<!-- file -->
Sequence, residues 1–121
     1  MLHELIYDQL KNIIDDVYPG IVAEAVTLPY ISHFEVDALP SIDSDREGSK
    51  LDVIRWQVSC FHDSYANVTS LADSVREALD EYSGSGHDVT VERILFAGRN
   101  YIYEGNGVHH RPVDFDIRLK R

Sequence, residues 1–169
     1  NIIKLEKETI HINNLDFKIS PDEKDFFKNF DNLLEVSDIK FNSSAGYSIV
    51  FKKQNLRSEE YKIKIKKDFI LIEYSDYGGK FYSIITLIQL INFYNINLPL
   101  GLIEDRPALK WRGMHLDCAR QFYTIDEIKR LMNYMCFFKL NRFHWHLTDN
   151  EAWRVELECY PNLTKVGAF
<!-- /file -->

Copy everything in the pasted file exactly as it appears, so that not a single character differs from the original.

Sequence, residues 1–121
     1  MLHELIYDQL KNIIDDVYPG IVAEAVTLPY ISHFEVDALP SIDSDREGSK
    51  LDVIRWQVSC FHDSYANVTS LADSVREALD EYSGSGHDVT VERILFAGRN
   101  YIYEGNGVHH RPVDFDIRLK R

Sequence, residues 1–169
     1  NIIKLEKETI HINNLDFKIS PDEKDFFKNF DNLLEVSDIK FNSSAGYSIV
    51  FKKQNLRSEE YKIKIKKDFI LIEYSDYGGK FYSIITLIQL INFYNINLPL
   101  GLIEDRPALK WRGMHLDCAR QFYTIDEIKR LMNYMCFFKL NRFHWHLTDN
   151  EAWRVELECY PNLTKVGAF